First off, let’s discount anything wearing a Lamborghini, Maserati or Ferrari badge, as any of these will be well outside an average enthusiast’s budget. Instead, we’re concentrating on a selection of more practical machinery produced by the big three Italian volume manufacturers: Fiat, Alfa Romeo and Lancia. Of these, Fiat is recognized as the largest producer of vehicles in Italy and this long-established company can trace its roots back to 1899 and its first factory in Turin.
Alfa Romeo wasn’t far behind and started to produce automobiles in Milan in 1911. A strong sporting heritage helped boost the marque’s image, especially in the UK, and Alfa has been part of the Fiat group since 1986. Lancia was formed in 1906 and the company became part of the Fiat empire in 1969. Despite dominating the world rally scene for many years, the marque was unfortunately tarnished with issues relating to build quality and Lancia-badged cars are sadly no longer officially imported into the UK.
In 2014 Fiat joined up with Chrysler to form the Fiat Chrysler Automobile Group and over the last 50 years Fiat, Alfa Romeo and Lancia have produced an impressive range of cars catering for all tastes and budgets. Obviously there are far too many to cover in detail here, but the following line up covers what we think is an eclectic mix of what’s available today when it comes to practical Italian classics.
The 500’s diminutive size may not have done it many favours in the practicality stakes, but the car was an important one for Fiat when it came on the scene in 1957. A rear-mounted 479cc air-cooled two-cylinder engine powered the 500 Nuova and in 1960 the 500D with a larger 499cc engine arrived on the scene. The 500L (for Lusso) was introduced in 1968 featuring a more interesting interior and the final incarnation of the 500 arrived in 1972 with the launch of the 500R, the initial standing for Rinnovata. In 1973 Fiat unleashed the squarer-looking 126 and this model was superseded by the water-cooled 704cc 126 BIS in 1987.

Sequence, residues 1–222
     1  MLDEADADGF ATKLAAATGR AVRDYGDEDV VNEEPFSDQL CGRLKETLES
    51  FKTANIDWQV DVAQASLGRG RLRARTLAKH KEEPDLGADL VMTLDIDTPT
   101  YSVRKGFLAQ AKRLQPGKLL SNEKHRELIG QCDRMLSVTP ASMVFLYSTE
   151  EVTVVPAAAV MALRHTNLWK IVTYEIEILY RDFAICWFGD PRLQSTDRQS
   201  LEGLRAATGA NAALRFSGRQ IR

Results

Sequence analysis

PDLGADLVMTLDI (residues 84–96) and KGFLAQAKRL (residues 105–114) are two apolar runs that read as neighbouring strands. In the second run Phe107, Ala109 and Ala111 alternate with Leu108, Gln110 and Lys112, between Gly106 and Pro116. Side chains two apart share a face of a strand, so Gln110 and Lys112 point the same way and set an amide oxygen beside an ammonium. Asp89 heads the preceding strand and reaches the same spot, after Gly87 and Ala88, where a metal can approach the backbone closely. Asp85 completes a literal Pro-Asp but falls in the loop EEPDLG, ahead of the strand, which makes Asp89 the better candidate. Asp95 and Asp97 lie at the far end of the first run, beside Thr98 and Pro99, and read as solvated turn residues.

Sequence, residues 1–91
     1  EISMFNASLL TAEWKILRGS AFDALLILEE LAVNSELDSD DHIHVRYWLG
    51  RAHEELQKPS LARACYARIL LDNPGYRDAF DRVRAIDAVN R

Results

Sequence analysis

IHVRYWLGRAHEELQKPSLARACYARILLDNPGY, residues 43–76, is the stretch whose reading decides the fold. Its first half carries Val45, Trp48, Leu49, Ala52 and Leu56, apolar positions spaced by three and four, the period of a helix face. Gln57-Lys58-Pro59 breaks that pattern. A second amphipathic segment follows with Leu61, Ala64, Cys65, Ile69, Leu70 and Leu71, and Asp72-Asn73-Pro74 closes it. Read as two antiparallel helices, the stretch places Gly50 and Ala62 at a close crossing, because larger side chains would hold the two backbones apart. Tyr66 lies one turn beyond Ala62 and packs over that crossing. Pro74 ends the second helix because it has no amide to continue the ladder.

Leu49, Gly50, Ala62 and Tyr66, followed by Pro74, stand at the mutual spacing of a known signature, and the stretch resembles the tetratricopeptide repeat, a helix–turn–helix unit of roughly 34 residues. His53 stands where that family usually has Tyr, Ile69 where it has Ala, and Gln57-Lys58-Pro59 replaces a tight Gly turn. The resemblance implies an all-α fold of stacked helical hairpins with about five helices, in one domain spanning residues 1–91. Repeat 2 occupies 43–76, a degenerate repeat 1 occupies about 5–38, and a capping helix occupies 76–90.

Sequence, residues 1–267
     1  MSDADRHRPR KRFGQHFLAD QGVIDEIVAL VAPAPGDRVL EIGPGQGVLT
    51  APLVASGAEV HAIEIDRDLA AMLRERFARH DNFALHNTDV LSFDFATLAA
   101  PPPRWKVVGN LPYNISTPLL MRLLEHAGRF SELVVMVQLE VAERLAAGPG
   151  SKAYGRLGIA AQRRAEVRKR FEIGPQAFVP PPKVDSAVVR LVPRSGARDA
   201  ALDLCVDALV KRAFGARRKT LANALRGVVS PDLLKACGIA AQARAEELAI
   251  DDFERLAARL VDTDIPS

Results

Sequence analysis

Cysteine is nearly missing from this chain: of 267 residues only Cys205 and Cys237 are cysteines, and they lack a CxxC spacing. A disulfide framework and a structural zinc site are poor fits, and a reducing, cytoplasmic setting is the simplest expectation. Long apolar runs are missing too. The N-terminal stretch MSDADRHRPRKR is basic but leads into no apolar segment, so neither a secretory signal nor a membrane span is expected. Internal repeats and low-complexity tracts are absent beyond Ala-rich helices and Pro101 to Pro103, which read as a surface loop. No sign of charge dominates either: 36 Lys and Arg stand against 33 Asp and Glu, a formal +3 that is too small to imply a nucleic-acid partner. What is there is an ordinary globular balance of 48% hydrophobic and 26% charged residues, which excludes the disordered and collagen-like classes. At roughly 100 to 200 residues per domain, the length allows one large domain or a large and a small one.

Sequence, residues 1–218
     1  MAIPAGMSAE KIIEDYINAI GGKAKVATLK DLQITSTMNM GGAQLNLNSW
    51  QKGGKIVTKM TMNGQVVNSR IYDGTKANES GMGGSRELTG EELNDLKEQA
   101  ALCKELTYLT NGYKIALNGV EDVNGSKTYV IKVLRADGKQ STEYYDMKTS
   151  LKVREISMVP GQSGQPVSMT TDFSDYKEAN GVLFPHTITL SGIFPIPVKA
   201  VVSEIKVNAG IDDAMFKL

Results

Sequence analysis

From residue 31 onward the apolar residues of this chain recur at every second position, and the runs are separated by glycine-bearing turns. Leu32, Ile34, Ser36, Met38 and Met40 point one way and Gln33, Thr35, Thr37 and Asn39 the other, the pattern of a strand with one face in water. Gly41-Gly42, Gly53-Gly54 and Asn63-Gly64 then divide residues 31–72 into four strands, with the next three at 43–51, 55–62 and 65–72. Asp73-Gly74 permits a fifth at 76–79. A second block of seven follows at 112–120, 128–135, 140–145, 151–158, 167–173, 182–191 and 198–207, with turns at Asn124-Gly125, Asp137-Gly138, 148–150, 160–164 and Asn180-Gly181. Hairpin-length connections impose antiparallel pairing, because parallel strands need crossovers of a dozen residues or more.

VALUES: The small but fun-to-drive 500 remains a firm favourite but good rust-free examples are expensive, so expect to pay up to £15,000 for a restored left-hooker repatriated from warmer climes. A Giardiniera estate offers a little bit more practicality and the best examples of this pint-sized wagon are currently valued at £10,000. The sporting 650cc Abarth remains the most desirable of the 500 line-up and a pristine original example will set a new owner back at least £20,000. This makes a top condition Fiat 126 far more affordable at between £3500- £5000 and buyers wanting something with a bit more elbow room could opt for a Fiat 800 for around £8000 or pod out an extra grand more for the 800’s still stylish looking but rare Coupe sibling.
The Fiat 124 was a clean-sheet design for Fiat and following its launch in 1966 the 124 won the European Car of the Year award. Fiat produced the 124 in several variants, including a four-door saloon, two-door Coupe, Estate and a drophead Spider. A variety of four-cylinder engines drove the 124’s rear wheels and options included a front-mounted longitudinal 1197cc inline-four through to a DOHC 2-litre. In 1966 Fiat entered into an agreement with the Soviet Union to build the car in Russia and a version of the 124 produced at the VAZ plant wore a Zhiguli badge for the home market and the Lada 1200/1300 on the export market until 1987. The Fiat 124 was also produced in India as the Premier 118NE, Spain as the SEAT 124, Bulgaria as the Pirin-Fiat and Turkey as the Murat and Serçe.